Also, it seems that while I get tonnes of email, much of it isn’t really important messages from people who have info I really need or who need info from me… rather, a lot of it is bac’n. “What’s bac’n?” you ask. Well, it’s not quite spam, because it’s not completely unsolicited emails from total randoms, but it’s not email that you really, truly need. It’s low priority stuff that clutters up the old inbox. E-newsletters. Stuff people send to listservs you are on. Canucks news releases. Notifications that you received a new message within Facebook/DM on Twitter/comment on your blog. Stuff you signed up for thinking “oh, wouldn’t it be convenient to be notified of that?” when really, no, no it wouldn’t. You get swamped with the stuff, making it difficult to see the real emails that require your attention.

So, this past week, I decided to keep track of how much of email is made up of actual, legitimate messages vs. how much is bac’n. Some of the more interesting findings:

  • I only received 321 emails messages last week. I really thought it would be higher than that¹.
  • Of those 321, only 8 (2.5%) were spam that snuck by my spam filters. I think that’s pretty good actually.
  • Of the 313 non-spam emails:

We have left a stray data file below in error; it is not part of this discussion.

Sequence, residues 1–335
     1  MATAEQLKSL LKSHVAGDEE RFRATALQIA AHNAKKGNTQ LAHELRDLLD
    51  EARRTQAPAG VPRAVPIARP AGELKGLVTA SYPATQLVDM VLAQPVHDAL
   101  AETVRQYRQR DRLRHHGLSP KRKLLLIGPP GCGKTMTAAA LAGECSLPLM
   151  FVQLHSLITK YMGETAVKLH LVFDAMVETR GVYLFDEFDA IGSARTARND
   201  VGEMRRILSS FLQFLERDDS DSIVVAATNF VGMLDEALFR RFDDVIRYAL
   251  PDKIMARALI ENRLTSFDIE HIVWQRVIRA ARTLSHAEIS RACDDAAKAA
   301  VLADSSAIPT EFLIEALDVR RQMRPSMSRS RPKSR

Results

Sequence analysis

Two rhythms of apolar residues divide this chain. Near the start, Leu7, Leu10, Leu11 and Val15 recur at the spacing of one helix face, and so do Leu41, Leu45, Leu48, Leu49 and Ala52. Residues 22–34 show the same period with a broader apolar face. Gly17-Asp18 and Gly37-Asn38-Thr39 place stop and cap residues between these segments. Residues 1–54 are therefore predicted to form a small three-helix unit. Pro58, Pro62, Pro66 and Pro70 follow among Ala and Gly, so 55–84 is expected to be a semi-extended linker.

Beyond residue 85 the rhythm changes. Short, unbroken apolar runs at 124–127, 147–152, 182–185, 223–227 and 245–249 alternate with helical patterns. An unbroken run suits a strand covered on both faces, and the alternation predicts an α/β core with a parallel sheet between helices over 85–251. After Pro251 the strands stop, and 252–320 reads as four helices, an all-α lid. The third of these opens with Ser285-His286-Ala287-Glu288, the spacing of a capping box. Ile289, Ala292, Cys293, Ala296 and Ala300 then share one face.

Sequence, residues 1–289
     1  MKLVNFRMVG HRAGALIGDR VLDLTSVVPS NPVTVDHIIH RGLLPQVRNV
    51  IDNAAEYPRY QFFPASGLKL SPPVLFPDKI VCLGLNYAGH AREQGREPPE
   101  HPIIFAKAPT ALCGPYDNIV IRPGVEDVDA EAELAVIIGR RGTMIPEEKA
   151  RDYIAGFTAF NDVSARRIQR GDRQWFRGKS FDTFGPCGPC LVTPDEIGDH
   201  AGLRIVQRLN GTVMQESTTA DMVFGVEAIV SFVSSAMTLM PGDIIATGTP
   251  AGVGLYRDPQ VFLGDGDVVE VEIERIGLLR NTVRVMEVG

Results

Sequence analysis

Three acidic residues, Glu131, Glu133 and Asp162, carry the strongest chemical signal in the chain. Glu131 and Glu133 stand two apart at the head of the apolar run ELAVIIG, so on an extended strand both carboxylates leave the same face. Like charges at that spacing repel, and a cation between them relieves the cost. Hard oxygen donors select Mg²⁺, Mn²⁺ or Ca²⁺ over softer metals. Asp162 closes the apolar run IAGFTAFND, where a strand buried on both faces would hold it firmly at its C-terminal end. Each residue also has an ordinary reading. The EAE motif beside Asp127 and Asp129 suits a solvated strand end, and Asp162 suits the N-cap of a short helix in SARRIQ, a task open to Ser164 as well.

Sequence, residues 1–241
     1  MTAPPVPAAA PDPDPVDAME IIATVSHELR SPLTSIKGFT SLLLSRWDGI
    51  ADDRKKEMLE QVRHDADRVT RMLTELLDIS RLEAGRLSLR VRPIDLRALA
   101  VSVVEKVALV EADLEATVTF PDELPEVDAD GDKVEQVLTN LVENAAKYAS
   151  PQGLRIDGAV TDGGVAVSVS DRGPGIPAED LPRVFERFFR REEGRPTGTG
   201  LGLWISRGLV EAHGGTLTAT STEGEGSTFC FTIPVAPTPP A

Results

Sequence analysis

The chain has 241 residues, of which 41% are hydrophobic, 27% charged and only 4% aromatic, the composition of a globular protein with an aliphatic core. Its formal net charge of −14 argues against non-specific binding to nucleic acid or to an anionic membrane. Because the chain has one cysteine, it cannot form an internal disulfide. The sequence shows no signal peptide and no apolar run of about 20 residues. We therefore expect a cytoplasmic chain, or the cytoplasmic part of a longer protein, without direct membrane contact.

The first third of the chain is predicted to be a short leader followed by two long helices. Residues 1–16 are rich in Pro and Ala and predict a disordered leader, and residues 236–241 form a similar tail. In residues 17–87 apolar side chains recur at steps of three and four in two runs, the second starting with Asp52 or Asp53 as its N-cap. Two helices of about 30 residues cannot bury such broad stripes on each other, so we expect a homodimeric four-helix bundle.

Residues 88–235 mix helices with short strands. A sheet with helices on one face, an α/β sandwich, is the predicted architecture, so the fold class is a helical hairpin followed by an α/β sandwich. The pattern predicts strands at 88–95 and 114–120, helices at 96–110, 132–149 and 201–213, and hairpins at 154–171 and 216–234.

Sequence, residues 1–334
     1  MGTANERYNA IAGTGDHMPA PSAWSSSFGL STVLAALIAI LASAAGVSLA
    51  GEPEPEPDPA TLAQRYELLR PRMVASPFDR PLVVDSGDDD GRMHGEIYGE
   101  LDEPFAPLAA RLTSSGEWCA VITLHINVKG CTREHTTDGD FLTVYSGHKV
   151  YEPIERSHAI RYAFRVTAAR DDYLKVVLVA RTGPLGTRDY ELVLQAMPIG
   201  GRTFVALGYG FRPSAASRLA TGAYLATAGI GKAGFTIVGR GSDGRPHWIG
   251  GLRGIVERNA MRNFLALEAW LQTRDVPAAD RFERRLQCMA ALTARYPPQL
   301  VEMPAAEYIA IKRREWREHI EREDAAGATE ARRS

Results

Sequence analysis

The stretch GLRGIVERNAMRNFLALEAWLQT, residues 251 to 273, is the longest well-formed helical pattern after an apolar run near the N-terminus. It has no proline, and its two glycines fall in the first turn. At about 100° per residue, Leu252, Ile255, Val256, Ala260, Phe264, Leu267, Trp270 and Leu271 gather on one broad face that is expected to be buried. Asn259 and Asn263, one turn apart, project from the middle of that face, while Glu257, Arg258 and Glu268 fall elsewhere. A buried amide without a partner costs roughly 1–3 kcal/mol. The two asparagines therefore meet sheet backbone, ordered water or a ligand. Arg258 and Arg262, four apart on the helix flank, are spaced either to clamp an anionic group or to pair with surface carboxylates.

bac'n.jpg

That’s 56% bac’n, 44% real emails.

  • Looking at the data broken down by day, we can see that I got a lot of friggin bac’n on Thursday:

Also, I like graphs.

¹Granted, it’s totally possible that last week was not a good representation of a typical week.



{March 5, 2008}   Stress Hurts Your Brain

At work, I’ve been doing a lot of reading about addictions, trauma, violence, and mental health. And to be honest, it can be a really downer reading things like “Most violence against adult women is perpetrated by intimate partners” and “…past victimization increased the risk of a new rape incidence by a factor of seven and increased the risk of a new physical assault incidence by a factor of three,” and “…women who reported being raped in the preceding 12 month months averaged 2.9 rapes in the preceding 12 months…”1,2 all day long.

But the following sentence in a paper about the effects of stress on the brain that I was reading today made me smile:

Along with epinephrine (adrenaline) and norepinepherine, glucocorticoids are essential for surviving acute physical stress (evading a predator, for example) but they may cause adverse effects when secretion is sustained such as when waiting to hear about a grant renewal.2, 3

Also making me smile in this paper were the use of the words: hippocampi (the plural of “hippocampus,” the structure in the brain that is involved in learning and memory) and Cushingoid (to describe people with Cushing’s syndrome, a disease in which individuals produce excessive amounts of glucocorticoids (a hormone we produce in response to stress).

Say them with me: Hippocampi.  Cushingoid.  Fun to say, right?

Oh yeah, and the moral of the story is stress hurts your brain.  So chill out already. =)
1All three of these quotations are from: Najavits, L., Weiss, R. D., & Shaw, S. (1997). The link between substance abuse and posttraumatic stress disorder in women. American Journal on Addictions, 6(4), 273-283.
2Emphasis added
3Sapolsky, R.M. (1996). Why stress is bad for your brain. Science, 273, 749-750.



et cetera